“Mediating Mountains” was the topic of the 46th annual conference of the Austrian Associataion for American Studies (AAAS). It took place from November 22-24, 2019, at the University of Innsbruck.
Mountains confront us in many guises. They visualize space and provide geopolitical orientations that address questions of historical, cultural, social, national, and indi¬vidual identity. Mountains are subjects of philosophical reflections, environmental meditations, and ecocritical ontologies. They serve as means of spiritual invigoration, scientific experimentation, medical therapy, and recreation. They are also the sources and resources of technological and artistic innovations, of human and non-human exploitations. Mountain spaces are often borderlands and contested zones of war and migration. They are sites of tourism and industrialization, deposits of waste, and repositories of cultural memory. This polymorphous and fluid nature turns mountains into a “dynamic medium” (W.J.T. Mitchell) that both reflects and grounds subjectivities. Mountains are not only objects of reflection that mirror, archive, and project human and cultural investments, but they can also be conceived of as “hyperobjects” (Timothy Morton) that affect the ways we come to think about existence, earth, and society.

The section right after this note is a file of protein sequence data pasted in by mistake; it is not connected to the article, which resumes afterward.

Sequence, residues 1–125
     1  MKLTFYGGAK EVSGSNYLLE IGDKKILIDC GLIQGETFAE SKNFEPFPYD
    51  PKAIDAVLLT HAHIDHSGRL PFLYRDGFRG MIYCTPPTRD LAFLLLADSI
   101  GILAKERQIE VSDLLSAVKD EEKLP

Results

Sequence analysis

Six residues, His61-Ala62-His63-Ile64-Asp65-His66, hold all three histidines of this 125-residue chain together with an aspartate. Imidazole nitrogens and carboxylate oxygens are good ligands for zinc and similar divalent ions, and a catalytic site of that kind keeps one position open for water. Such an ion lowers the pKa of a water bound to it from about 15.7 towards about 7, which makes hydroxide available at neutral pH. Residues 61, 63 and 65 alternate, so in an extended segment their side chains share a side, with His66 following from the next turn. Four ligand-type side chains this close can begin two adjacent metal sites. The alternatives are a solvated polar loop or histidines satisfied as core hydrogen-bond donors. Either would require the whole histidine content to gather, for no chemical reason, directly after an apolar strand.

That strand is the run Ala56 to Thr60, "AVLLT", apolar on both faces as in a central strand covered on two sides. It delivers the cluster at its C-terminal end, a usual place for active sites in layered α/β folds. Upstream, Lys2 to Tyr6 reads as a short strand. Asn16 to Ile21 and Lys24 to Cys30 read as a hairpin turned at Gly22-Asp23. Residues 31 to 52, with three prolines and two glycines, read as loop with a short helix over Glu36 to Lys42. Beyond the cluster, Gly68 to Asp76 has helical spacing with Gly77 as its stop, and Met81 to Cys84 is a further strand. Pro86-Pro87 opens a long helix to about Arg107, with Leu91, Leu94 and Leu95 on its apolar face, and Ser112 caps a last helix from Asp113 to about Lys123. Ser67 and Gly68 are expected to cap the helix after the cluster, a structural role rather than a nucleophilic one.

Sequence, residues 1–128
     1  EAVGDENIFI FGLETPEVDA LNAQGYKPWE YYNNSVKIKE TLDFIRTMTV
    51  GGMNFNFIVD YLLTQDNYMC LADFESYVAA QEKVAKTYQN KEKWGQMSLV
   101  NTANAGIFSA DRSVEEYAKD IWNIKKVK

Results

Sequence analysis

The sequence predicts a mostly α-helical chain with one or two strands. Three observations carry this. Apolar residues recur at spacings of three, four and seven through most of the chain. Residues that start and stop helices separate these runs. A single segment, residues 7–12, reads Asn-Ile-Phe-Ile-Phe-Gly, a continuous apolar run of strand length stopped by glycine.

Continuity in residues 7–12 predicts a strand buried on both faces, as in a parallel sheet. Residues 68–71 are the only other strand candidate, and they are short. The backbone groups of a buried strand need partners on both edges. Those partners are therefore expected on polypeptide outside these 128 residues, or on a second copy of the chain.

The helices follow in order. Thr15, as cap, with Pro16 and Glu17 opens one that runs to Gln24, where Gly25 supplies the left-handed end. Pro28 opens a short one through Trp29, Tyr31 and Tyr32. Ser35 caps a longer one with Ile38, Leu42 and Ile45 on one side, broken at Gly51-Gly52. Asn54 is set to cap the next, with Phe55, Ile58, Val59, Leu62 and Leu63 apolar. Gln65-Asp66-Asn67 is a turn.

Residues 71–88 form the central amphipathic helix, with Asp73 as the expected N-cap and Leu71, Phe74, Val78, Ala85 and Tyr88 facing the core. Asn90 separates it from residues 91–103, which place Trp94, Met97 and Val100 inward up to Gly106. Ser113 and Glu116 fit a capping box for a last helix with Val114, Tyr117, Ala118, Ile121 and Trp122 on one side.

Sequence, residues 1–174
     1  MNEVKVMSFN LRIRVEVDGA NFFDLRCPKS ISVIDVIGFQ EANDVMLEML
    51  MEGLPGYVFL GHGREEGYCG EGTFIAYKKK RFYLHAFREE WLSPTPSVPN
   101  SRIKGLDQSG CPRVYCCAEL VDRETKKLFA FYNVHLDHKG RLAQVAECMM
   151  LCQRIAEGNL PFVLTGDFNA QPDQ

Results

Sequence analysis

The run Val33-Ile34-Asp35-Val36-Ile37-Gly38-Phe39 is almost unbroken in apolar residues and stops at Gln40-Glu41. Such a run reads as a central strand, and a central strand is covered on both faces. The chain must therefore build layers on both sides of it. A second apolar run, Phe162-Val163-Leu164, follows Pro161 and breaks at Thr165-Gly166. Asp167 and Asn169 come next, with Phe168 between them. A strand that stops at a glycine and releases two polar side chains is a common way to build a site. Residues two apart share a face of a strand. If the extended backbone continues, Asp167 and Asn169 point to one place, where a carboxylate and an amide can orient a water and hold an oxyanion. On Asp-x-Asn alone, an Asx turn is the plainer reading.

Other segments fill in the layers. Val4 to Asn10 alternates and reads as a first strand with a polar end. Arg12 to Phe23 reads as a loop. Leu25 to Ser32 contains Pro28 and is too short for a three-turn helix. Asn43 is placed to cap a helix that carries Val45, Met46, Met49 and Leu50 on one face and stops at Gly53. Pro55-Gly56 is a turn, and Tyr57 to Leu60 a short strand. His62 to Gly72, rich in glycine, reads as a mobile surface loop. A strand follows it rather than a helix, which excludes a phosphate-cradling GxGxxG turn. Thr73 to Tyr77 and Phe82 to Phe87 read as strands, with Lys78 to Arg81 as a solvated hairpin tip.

The conference “Mediating Mountains” set out to explore mountains as objects and agents of mediation in all artforms and media, including painting, literature, theater, music, film, television, performance and video art, video gaming, photo-graphy, and architecture.
The conference was organized by the Austrian Association for American Studies (represented by Christian Quendler and Cornelia Klecker, University of Innsbruck) in cooperation with Appalachian State University, North Carolina. It took place at the University of Innsbruck in the heart of the Austrian Alps.
- Sean Cubitt
Professor of Film and Television in the Department of Media, Communications and Cultural Studies, Goldsmiths, University of London
- Jennifer Peterson
Associate Professor, Chair of the Department of Communications, Woodbury University, California
- Sascha Pöhlmann
Interim Professor of North American Literature and Culture, University of Konstanz
Plenary Panel on Appalachia